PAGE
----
I recently started the fully employed MBA program at University of California, Irvine and one of my personal objectives was to write at least one blog a month on the topics discussed each quarter.
As part of a recent discussion in Organizational Behavior, we discussed how to properly manage incentives and I found the text from Jone Pearce especially insightful. I’d like to outline some of the key learnings from her discussion and how they apply to our jobs as managers.
“to effectively manage employee incentives [you must start by] diagnosing which actions really are rewarded in the organization and which actions managers feel should be rewarded” (Individuals in Organizations, Jone Pearce)
Let’s start by understanding the expectations an employee may have coming into a job and we will then discuss how managers can properly address these and assign incentives to motivate the employee and ensure their future success.
Expectations as an Individual:
- I will be rewarded for quality work
- I will be rewarded for innovation
- I will be rewarded for support or team-based activities
- My boss knows how I’m motivated
- My boss will utilize all of my skills
The expectations outlined above specifically call out desired outcomes from job performance. Jone Pearce points out that employee actions such as joining the organization, remaining at the company and showing up for work are not typically a manager’s biggest concern — it is all in job performance (Jone Pearce, p.110).
Addressing Expectations as a Manager
I will be rewarded for quality work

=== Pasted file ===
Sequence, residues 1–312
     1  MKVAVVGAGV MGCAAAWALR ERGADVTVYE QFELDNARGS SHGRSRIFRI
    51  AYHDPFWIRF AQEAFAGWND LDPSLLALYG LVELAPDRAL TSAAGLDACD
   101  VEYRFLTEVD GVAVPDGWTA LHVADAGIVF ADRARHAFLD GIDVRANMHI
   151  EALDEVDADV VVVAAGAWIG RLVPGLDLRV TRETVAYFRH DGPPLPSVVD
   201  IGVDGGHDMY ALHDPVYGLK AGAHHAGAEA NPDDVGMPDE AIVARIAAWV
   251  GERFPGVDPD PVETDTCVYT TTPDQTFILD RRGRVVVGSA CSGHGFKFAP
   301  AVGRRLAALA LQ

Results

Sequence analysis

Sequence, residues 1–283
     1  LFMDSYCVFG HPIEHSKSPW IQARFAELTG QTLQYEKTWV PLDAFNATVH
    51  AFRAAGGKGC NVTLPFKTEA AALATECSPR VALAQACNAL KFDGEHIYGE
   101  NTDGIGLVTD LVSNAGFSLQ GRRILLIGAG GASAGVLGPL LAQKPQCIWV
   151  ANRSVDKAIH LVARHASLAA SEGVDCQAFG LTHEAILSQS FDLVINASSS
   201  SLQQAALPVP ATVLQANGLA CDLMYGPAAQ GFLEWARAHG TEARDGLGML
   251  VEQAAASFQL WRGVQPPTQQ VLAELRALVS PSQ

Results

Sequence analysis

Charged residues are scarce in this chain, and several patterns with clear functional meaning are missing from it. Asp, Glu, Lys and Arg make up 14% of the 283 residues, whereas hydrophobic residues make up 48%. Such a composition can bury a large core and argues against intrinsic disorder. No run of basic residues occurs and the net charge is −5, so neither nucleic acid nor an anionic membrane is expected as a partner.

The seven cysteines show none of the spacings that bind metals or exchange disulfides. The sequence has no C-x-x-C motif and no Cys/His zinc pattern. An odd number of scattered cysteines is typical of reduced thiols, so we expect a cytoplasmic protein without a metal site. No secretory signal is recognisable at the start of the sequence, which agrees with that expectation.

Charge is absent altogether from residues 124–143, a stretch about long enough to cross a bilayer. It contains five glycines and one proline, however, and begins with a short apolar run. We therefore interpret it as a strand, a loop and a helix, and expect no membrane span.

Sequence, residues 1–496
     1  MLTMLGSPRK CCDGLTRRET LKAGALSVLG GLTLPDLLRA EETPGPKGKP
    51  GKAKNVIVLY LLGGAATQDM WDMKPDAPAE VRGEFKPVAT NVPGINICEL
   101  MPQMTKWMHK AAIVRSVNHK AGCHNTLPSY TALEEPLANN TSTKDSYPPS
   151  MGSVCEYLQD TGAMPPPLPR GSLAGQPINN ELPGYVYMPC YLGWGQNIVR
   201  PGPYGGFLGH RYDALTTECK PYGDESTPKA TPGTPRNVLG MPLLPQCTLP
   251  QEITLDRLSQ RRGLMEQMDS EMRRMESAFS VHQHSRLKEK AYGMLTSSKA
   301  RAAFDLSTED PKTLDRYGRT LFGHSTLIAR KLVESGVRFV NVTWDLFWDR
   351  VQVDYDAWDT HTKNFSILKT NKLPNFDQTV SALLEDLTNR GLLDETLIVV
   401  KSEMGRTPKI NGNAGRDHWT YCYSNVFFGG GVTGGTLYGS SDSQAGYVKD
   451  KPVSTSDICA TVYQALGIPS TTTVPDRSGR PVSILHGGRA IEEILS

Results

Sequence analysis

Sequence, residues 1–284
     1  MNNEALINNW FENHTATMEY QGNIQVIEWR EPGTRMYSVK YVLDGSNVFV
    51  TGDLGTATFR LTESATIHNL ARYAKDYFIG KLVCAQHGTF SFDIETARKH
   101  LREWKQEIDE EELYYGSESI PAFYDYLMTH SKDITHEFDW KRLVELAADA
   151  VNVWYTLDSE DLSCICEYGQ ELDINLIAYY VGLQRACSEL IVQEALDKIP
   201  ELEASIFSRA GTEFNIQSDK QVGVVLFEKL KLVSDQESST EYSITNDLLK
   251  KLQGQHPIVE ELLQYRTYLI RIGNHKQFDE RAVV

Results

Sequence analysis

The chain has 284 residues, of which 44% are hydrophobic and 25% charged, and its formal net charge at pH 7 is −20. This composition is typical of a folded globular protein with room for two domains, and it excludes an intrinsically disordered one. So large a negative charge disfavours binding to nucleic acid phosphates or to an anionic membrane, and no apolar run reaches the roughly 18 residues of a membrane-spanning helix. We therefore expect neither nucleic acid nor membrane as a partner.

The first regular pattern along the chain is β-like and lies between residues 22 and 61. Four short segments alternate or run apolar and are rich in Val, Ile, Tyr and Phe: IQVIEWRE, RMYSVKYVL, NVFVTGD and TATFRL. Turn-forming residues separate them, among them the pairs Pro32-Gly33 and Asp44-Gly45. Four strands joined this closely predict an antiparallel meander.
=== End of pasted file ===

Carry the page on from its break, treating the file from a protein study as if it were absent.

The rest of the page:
This is one of the hardest expectations to address with incentives mainly because pay is not based on performance, but it’s based on the labor market. Secondarily, it involves a clear understanding of what you want from your employee in advance and that the employee’s success is completely independent of the work of others. Neither of these are true in most organizations. Instead of relying on solely individual performance to measure quality work, you can also incentivize quality work by tying their performance to organizational goals. Tying performance to the organization allows employees to see how their work is valuable and gives them the ability to understand the milestones or tasks they must complete to drive success in the organization.
I will be rewarded for innovation
Especially in a field driven by creativity, it is important to outline how success will be measured for employees. It’s usually hard to measure creativity, and even expertise, as part of an employees performance because they are raw skills that cannot be easily measured. Yet we don’t want employees to lose interest in their work because their creativity is not directly rewarded. Instead — we can look at motivating them by targeting their intrinsic motivators: what drives them to engage in the work place? What types of tasks do they find rewarding and/or challenging?
I find this especially interesting in the tech industry because often times you are measured in the interview process for your creativity or “out of the box” thinking but that doesn’t correlate with how you’re measured in your ongoing performance. If you are highly creative but you do not perform, your creativity is no longer relevant and your skills are not utilized during your time at an organization unless the manager has the ability to present and promote a creative workplace despite the KPIs given to each individual
I will be rewarded for support or team-based activities